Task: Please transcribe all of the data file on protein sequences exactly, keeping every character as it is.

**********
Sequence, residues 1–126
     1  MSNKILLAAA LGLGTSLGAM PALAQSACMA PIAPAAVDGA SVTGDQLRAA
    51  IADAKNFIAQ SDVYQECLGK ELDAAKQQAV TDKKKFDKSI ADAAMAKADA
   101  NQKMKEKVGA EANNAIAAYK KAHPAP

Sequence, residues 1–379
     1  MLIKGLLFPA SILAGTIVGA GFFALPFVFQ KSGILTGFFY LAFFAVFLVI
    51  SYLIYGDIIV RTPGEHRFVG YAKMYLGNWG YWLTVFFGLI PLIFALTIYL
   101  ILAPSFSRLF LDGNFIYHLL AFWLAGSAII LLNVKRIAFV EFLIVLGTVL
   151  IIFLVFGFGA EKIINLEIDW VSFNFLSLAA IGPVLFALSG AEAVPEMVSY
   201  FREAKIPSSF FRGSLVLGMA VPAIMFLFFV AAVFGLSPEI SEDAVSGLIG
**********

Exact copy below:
Sequence, residues 1–126
     1  MSNKILLAAA LGLGTSLGAM PALAQSACMA PIAPAAVDGA SVTGDQLRAA
    51  IADAKNFIAQ SDVYQECLGK ELDAAKQQAV TDKKKFDKSI ADAAMAKADA
   101  NQKMKEKVGA EANNAIAAYK KAHPAP

Sequence, residues 1–379
     1  MLIKGLLFPA SILAGTIVGA GFFALPFVFQ KSGILTGFFY LAFFAVFLVI
    51  SYLIYGDIIV RTPGEHRFVG YAKMYLGNWG YWLTVFFGLI PLIFALTIYL
   101  ILAPSFSRLF LDGNFIYHLL AFWLAGSAII LLNVKRIAFV EFLIVLGTVL
   151  IIFLVFGFGA EKIINLEIDW VSFNFLSLAA IGPVLFALSG AEAVPEMVSY
   201  FREAKIPSSF FRGSLVLGMA VPAIMFLFFV AAVFGLSPEI SEDAVSGLIG